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Effects of Anaerobic Soil Disinfestation on Sclerotinia sclerotiorum in Paraguay

A. D. Sanabria-Velazquez, A. L. Testen, G. A. Enciso, L. C. Soilan, and S. A. Miller

March 2019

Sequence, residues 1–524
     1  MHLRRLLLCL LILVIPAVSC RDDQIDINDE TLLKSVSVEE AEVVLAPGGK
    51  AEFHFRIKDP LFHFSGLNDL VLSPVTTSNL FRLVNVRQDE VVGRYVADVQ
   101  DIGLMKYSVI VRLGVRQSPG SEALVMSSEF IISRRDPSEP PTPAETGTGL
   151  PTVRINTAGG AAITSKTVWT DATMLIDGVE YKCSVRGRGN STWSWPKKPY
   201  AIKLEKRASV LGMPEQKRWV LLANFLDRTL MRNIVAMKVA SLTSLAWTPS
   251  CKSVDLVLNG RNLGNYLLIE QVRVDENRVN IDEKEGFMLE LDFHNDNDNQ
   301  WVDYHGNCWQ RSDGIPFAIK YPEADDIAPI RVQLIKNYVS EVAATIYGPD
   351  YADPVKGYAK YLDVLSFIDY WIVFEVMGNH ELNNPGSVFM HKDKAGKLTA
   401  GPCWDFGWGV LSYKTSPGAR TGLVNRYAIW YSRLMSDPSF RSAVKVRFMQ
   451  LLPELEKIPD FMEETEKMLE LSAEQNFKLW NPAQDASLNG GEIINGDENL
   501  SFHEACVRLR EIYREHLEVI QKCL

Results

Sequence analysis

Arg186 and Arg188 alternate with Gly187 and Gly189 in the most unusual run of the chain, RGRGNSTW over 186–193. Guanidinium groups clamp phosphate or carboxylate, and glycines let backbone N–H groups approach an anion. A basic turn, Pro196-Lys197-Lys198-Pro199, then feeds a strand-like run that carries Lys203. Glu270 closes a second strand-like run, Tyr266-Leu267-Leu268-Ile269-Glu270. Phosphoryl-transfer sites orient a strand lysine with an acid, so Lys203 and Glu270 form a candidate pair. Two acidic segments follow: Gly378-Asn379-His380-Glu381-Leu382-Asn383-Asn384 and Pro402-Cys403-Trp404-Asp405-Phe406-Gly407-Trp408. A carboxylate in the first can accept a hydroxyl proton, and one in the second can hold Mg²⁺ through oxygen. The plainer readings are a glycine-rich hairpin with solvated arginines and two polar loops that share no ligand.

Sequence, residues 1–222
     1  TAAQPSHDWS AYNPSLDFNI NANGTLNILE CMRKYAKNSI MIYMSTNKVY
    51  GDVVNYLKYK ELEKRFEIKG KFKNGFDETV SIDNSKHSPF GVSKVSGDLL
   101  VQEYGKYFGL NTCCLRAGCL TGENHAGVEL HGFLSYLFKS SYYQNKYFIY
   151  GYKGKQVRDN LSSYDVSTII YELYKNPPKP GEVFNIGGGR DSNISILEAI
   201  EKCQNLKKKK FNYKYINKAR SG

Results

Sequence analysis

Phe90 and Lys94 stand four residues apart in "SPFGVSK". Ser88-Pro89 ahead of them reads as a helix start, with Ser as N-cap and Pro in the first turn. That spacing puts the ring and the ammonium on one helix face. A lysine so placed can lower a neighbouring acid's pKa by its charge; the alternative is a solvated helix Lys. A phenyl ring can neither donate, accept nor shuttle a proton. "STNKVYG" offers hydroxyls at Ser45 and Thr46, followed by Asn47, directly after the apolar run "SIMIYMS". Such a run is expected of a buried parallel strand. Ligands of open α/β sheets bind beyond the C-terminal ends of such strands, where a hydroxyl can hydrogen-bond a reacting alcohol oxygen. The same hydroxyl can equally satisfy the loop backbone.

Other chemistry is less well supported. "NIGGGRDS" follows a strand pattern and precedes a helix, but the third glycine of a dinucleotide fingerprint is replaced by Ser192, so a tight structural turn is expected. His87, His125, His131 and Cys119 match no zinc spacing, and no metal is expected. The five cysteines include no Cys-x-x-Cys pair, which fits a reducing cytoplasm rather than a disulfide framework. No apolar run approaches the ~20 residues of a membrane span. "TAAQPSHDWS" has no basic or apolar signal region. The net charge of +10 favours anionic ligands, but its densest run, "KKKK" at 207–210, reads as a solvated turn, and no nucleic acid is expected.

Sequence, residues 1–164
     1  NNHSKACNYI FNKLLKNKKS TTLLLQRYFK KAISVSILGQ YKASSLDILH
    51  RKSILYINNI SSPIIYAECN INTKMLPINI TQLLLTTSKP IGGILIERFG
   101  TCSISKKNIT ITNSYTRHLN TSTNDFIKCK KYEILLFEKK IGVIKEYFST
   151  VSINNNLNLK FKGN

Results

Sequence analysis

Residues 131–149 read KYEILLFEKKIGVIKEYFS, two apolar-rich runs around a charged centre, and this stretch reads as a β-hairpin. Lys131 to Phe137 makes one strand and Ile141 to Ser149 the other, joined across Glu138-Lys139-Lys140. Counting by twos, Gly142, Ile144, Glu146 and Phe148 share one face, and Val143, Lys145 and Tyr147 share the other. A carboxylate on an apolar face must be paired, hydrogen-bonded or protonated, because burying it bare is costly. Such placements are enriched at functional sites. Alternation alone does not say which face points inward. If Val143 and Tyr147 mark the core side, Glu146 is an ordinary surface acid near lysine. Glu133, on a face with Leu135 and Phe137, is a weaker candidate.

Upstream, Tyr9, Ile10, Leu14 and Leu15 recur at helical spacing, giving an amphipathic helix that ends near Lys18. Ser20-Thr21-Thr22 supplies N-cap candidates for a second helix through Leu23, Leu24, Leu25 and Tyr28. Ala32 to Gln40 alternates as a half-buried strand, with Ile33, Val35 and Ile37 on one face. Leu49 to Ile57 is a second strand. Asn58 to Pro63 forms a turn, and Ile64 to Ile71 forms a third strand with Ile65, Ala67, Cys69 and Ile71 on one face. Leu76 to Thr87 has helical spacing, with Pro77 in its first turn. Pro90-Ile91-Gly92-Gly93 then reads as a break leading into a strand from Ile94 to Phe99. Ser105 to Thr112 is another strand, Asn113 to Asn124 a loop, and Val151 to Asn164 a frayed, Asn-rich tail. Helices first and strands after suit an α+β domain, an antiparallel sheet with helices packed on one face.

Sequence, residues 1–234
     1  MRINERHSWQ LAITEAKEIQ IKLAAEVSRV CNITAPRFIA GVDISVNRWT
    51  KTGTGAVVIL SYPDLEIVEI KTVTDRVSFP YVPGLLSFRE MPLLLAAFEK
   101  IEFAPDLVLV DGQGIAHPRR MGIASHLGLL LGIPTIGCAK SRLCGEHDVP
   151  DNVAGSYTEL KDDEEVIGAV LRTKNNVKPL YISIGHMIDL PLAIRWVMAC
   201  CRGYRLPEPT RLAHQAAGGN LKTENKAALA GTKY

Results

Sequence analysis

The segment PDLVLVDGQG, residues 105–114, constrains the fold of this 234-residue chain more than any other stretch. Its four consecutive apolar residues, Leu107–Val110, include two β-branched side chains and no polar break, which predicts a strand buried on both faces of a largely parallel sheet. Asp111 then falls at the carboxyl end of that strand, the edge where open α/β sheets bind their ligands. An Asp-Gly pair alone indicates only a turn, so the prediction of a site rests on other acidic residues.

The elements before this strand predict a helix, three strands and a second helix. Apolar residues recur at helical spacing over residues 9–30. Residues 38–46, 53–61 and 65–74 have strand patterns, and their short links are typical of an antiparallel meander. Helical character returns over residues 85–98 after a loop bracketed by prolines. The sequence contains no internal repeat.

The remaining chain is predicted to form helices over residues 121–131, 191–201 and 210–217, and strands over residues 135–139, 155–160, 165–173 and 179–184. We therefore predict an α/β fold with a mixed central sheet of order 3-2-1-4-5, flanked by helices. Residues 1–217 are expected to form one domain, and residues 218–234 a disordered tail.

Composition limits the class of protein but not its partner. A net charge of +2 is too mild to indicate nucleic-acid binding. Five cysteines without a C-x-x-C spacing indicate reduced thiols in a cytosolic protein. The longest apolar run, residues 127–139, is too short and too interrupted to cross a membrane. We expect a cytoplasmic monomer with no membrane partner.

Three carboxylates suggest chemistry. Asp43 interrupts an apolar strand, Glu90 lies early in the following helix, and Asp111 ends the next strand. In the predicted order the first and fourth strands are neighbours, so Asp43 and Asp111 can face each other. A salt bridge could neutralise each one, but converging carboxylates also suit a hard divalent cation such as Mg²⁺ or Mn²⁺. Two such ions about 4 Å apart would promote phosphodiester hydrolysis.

The effects of anaerobic soil disinfestation (ASD) on Sclerotinia sclerotiorum sclerotia viability was tested in four field trials in Paraguay. Plots were amended with wheat bran (20.2 Mg/ha), molasses (10.1 Mg/ha), or wheat bran (20.2 Mg/ha) plus molasses (10.1 Mg/ha), saturated with water, and covered with black plastic mulch for 3 weeks. Control plots were not amended but were saturated and either covered (anaerobic control) or maintained uncovered (aerobic control). Tubes painted with iron oxide paint were placed in soils to assess soil reducing conditions. Sclerotia were buried 6 cm deep in treated and control soils along with temperature data loggers. After 3 weeks, the viability of sclerotia was significantly lower in all ASD-treated soils (4 to 52%) compared with the aerobic control soil (100%), regardless of the carbon source used. Sclerotial viability was also significantly reduced compared with anaerobic controls at three sites, depending on the carbon source used. A significant negative correlation between soil reducing conditions and sclerotia viability was observed at all sites. Wheat bran and molasses are widely available and inexpensive in Paraguay, and ASD with these carbon sources provides smallholder South American vegetable farmers with a new option for sustainable management of Sclerotinia and potentially other soilborne pathogens.


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